Expedition Everest saw some strange wait time patterns in the last few weeks. Here is Everest on February 10, 2019.
Wait times throughout the first half of the day were in line with predicted levels, but then at around 3 p.m. the posted time climbed steadily, peaking at 140 minutes! These are wait times we normally see on the busiest days of the year, not on a Sunday in early February. Expedition Everest can have strange wait time patterns because it has a high frequency of temporary breakdowns, but we didn’t see any of those on February 10. It is difficult to find a reason why the wait time would spike so high at the end of the day like this. Did it switch from operating five trains to only two? Clearly, this spike cannot be due to an influx of guests after 4 p.m. – the curve is too steep. Something else is happening here.
Wait Time Volatility
The third unusual thing we’re seeing is large swings in posted wait times, especially large drops within a short time. The chart below shows DINOSAUR’s posted wait times from February 14 as an example:
At 1:30 p.m., DINOSAUR’s posted wait time was 90. Fifteen minutes later, it was 20: Person “A” got in line at 1:30 p.m. and got on the ride at 3 p.m. Person “B” got in line at 1:45 p.m. and got on the ride at 2:05 p.m.
It’s not possible for both of those wait times to be true. It means Person B got in line later than Person A, and yet somehow got to ride first – i.e., Person B passed Person A in line. (Remember, we’re pretty sure the the ride is operating at full capacity, because we’ve counted the number of people leaving the ride.) So one of the posted wait times is wrong.
We see a similar drop starting at 4:24 p.m.: the posted wait goes from 70 to 25 in the span of 6 minutes.
We also see large increases in posted wait times, far beyond what can be explained by normal traffic patterns. For example, the posted wait went from 20 minutes at 2:10 p.m. to 65 seven minutes later. For that to happen, around 1,300 people would have had to walk to DINOSAUR in 7 minutes.
It’s highly unlikely that 1,300 people walked to DINOSAUR in 7 minutes at 2:10 p.m. To put that in perspective, the number of people who line up for Seven Dwarfs Mine Train at park opening was around half that the last time we counted. DINOSAUR isn’t as popular as Mine Train, especially not at 2 p.m. Also, a line of 1,300 people walking to DINOSAUR would be somewhere between 0.3 and 0.6 miles long.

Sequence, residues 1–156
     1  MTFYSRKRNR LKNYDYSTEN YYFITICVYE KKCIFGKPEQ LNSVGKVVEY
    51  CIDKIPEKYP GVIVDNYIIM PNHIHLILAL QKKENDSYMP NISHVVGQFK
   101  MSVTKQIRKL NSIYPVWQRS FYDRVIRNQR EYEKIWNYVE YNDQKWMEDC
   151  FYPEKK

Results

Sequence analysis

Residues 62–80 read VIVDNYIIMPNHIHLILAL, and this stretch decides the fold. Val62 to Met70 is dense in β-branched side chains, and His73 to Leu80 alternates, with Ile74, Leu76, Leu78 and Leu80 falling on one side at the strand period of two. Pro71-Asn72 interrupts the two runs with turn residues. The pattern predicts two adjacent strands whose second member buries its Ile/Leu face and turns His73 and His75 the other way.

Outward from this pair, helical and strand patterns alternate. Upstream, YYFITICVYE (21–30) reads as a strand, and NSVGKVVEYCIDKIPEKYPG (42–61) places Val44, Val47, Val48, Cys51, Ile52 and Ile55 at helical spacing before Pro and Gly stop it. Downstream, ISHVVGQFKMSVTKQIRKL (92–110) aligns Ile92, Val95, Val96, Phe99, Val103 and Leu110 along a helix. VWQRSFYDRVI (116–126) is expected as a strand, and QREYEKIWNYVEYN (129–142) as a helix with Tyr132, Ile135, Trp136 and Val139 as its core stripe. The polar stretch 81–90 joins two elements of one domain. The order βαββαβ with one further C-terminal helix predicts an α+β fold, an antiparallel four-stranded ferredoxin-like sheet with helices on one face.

We’ve collected wait times continuously for the last 78 months (since August 2012). If you count the number of these unusual wait time changes across all Walt Disney World attractions, the months of January 2019 and December 2019 rank as the #7 and #2 worst out of those 78. January 2019 was the worst January we’ve ever seen, and December 2018 was the worst December we’ve ever seen. (November 2018 was the worst November we’ve ever seen.)
Effects on the Crowd Calendar
When we observe wait time curves like these, it really messes with our calculation of “How did the Crowd Calendar do?”. Despite seeing crowd levels of ‘3’, ‘4’ and ‘5’ at other parks, Animal Kingdom shows ‘9’s and ’10’s. But are they really ‘9’s and ’10’s? The curve for DINOSAUR on February 10 represented a crowd level ‘9’ instead of the ‘4’ we predicted, but was it really a ‘9’? It is fair to say that Animal Kingdom wait times have been higher than predicted so far in February, but it is also fair to say that those higher wait times don’t seem to represent the entire truth either. These wait time curves are so different from what we normally see, it is difficult to compare with days in the past.
We took at look at the volatility of these posted wait time curves (the up and down-ness) over the years and found that Animal Kingdom attractions are more volatile in 2019 than they have ever been (our database goes as far back as 2006). Why that is, is anybody’s guess. But, it is something we will have to deal with if it continues.
Crowd Calendar Updates in March
When we update the Crowd Calendar at the beginning of March we may see some adjustments for Animal Kingdom based on these patterns. Magic Kingdom and Epcot seem stable so we don’t expect any major changes there, just the usual tweaking. At Hollywood Studios we will see some significant changes. Tower of Terror is going to operate at reduced capacity throughout Spring and Summer. This has an impact on the wait times and therefore also impacts the Crowd Calendar. In addition, we are adding the new Toy Story Land attractions to the list of core rides at Hollywood Studios that we use to determine the crowd levels. This will help stabilize the numbers there.
Got any questions for the number gurus? Theories about the odd spikes at Animal Kingdom? Let us know in the comments.